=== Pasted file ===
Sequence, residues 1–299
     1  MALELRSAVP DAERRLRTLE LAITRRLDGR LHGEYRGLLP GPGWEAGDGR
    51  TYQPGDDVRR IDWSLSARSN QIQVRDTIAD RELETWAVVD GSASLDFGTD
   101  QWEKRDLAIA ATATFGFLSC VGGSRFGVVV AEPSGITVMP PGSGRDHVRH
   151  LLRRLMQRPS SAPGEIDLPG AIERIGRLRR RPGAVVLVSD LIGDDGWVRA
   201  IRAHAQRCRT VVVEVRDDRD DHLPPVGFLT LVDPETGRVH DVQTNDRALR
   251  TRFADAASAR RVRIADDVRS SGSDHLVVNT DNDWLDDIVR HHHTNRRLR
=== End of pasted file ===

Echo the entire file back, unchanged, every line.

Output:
Sequence, residues 1–299
     1  MALELRSAVP DAERRLRTLE LAITRRLDGR LHGEYRGLLP GPGWEAGDGR
    51  TYQPGDDVRR IDWSLSARSN QIQVRDTIAD RELETWAVVD GSASLDFGTD
   101  QWEKRDLAIA ATATFGFLSC VGGSRFGVVV AEPSGITVMP PGSGRDHVRH
   151  LLRRLMQRPS SAPGEIDLPG AIERIGRLRR RPGAVVLVSD LIGDDGWVRA
   201  IRAHAQRCRT VVVEVRDDRD DHLPPVGFLT LVDPETGRVH DVQTNDRALR
   251  TRFADAASAR RVRIADDVRS SGSDHLVVNT DNDWLDDIVR HHHTNRRLR